I think it's a bit of both. In the U.S., this was not a bankruptcy, but it's gone through a scrubbing process, very similar to a bankruptcy, by the U.S. Treasury. Citigroup has spent a good amount of time with the U.S. government and many of its financial regulators, going through every liability and asset in the books.
After such a period of time, you normally are able to count the cockroaches. That is, the liabilities have been under a microscope for quite a period of time. There's been huge capital injections by the government. There's been a massive amount of dilution to old shareholders. And you're starting to see some stability, the beginnings.
It's very much what I call now the pig in the python. You have to look at their liabilities. So you have to look at their bad debt, and you have to continue to watch how the company is digesting its bad debt.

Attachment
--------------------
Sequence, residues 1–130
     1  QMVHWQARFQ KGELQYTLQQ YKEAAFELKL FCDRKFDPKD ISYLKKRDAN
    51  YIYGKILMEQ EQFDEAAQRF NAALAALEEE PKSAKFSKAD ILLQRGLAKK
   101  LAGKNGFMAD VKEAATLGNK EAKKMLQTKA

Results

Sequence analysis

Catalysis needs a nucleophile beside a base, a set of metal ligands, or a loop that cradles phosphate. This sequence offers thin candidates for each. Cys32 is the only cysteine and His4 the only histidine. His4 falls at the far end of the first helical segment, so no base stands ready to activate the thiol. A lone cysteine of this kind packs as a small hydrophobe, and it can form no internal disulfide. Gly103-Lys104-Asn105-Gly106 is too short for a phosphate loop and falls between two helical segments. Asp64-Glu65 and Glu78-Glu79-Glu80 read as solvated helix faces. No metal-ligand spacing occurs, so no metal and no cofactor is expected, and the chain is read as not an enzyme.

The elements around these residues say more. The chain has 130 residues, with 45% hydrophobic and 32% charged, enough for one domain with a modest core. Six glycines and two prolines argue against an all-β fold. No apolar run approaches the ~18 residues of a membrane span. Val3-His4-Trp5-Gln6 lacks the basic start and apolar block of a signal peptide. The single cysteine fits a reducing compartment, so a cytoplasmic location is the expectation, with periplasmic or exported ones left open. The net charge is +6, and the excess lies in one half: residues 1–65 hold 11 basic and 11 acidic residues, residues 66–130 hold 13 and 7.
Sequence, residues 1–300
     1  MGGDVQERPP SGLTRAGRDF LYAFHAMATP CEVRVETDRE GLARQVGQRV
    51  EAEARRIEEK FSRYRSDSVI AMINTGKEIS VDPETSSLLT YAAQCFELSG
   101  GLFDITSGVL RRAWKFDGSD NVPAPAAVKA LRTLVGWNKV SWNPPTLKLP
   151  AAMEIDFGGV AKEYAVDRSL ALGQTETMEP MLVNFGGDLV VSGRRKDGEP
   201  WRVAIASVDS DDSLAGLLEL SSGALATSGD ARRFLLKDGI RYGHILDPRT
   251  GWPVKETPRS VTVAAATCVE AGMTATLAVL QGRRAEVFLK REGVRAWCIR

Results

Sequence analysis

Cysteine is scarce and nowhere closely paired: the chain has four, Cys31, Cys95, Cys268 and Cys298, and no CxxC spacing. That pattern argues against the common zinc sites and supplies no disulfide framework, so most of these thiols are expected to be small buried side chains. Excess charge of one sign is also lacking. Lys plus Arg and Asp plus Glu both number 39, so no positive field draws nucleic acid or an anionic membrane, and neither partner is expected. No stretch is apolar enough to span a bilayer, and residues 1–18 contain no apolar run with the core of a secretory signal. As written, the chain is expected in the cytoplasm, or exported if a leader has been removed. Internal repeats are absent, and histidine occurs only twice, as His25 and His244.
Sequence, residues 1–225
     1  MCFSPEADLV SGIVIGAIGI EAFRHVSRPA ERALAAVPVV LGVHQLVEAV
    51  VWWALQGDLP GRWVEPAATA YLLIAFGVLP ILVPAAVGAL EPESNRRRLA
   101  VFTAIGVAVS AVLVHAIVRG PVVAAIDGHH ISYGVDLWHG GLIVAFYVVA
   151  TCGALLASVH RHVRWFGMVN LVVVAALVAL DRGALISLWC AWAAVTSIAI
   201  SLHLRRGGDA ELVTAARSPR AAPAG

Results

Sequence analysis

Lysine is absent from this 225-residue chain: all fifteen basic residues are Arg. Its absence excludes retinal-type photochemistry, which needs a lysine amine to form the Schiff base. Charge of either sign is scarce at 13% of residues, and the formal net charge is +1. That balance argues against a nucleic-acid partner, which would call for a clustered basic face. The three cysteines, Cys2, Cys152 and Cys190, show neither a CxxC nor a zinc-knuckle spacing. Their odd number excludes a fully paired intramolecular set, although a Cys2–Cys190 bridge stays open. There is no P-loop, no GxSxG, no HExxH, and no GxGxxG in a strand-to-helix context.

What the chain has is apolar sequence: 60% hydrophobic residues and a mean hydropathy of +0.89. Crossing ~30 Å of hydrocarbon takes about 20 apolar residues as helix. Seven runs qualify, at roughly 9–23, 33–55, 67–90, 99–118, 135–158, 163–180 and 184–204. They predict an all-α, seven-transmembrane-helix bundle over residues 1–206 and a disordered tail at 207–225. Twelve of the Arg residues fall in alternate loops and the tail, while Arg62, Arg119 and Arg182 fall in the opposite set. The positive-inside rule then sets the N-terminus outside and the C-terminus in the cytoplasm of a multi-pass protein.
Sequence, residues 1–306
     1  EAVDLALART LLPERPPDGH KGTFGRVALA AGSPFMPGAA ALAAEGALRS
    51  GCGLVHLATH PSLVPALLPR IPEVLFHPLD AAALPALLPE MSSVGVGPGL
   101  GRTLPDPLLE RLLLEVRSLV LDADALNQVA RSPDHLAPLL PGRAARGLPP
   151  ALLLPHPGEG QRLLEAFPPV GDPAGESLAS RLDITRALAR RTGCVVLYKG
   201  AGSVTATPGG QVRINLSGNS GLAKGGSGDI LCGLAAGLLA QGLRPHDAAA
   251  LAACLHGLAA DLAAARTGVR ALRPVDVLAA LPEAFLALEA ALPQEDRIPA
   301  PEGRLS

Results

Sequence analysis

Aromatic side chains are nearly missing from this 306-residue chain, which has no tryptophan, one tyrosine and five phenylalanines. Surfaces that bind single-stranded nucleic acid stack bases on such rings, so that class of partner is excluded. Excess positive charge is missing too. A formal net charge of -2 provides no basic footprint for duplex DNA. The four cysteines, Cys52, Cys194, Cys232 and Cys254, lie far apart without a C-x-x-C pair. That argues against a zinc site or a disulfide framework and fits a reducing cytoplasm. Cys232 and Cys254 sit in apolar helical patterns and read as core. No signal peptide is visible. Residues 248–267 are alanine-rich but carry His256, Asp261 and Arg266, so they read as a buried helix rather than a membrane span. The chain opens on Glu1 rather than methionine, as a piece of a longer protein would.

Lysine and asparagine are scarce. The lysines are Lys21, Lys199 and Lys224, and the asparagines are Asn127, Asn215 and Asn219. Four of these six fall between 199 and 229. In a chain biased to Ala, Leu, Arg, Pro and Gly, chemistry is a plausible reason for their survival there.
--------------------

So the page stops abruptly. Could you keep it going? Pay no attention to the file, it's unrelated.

At the same time, you have to see the new debt that's coming in, the new loans that they're giving out. It's fascinating. It amazes me, with financial institutions, the extent, the amount of new loans that are being created in relation to the total loan portfolio.
So it's just now, in my opinion, a question of time, an ingestion period, were how many more quarters is it going to take before the new loans start to outweigh the old, existing loans?
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